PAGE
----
Amit Mishra rolls back the years to end Delhi’s long wait for a victory over Mumbai Indians

Amit Mishra claimed his first four-wicket haul in the IPL for five years to take him within five wickets of becoming the leading wicket-taker in the tournament and inspiring Delhi’s first victory over Mumbai Indians in six matches.

The leg spinner, who has played in every edition of the tournament since first appearing in 2008 as a 25-year-old, took his wickets at a cost of 24 in his four overs, claiming the scalps of a quite notorious quartet in Rohit Sharma – for the seventh time – the power hitters Hardik Pandya and Kieron Pollard, and the exciting left-hander Ishan Kishan.

Delhi replied in a considered manner, keeping wickets in hand, and never allowing a run rate, which started at just under seven an over, to get out of sight. Yet Mumbai are such competitors – it’s why they have been champions for the past two years – that a Capitals victory never seemed a foregone conclusion.

Excellent bowling from Jasprit Bumrah and Trent Boult extended the game into a final over before they were consigned to defeat, Bumrah blotting his copybook by giving away two free hits in three balls. Lalit Yadav and Shimron Hetmeyer got them home by six wickets with five balls to spare.

A beaming Mishra said afterwards: “My style is to bowl the bowl in the air and get it to dip. I’ve been doing that for 14 years and I don’t want to change much. It’s always there, Rohit and Mumbai were match-winners for Mumbai Indians for the last 14 years. So, I always go for the wickets.”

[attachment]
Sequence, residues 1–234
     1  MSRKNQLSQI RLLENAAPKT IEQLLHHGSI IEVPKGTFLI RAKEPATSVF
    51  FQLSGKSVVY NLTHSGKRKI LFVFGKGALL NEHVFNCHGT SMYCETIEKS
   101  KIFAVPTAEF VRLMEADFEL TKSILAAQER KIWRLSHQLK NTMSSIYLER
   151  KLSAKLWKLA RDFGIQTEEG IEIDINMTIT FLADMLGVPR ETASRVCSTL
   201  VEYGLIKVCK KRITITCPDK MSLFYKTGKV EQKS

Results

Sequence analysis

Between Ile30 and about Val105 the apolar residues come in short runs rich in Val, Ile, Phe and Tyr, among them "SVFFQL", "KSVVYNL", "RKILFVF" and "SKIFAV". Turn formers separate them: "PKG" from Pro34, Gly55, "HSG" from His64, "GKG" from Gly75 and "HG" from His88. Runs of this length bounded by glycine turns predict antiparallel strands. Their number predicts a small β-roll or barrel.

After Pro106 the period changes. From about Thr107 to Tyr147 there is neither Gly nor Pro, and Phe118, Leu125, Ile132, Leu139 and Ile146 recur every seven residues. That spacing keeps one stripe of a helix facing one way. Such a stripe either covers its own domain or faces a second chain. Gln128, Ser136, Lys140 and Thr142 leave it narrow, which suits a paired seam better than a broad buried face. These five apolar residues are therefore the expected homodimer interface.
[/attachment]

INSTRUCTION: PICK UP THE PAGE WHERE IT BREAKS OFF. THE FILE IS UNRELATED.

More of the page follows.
Go for wickets he might, but it didn’t do him any good in his first over, as Rohit and Suriyakumar Yadav took ten runs from it. But in his second, he initiated a collapse from 76 for two to 87 for six, dismissing the Mumbai captain, who dragged a lofted drive to Steve Smith at long-on and Hardik, who incomprehensibly slapped his first delivery also to Smith, who seemed as surprised as anybody to see it travelling in his direction.

Keiron Pollard also went, lbw to an excellent googly that turned the best part of a foot and forced him right back on to his stumps and the off spin of Lalit accounted for Krunal Pandya.

Ishan and Jayant Yadav refused to panic and their initial approach suggested that posting anything above 130 would still give them a fighting chance – after all Mumbai have defended two low-ish totals in 150 and 152 on this ground already this year. But just as they were gaining impetus – Ishan crashed a flat, straight six off Ravi Ashwin’s final over – Mishra claimed his final wicket, a fortuitous one as the left-hander chopped a full ball into his back foot and watched in dismay as it looped up and landed on the leg bail.

That wicket was Mishra’s 166th in the IPL, putting him just four shy of Lasith Malinga’s record of 170, one that he should ease past if given sufficient opportunity this season.

Jayant Yadav, the off spinner who once scored a Test hundred from No 9 against England, has only bowled 44 overs in six years of IPL action, but has become something of a “Delhi specialist” – four of his last five games in the tournament have been played against them – and he was asked to open the bowling as Mumbai responded in kind by looking to take pace off the ball from the outset.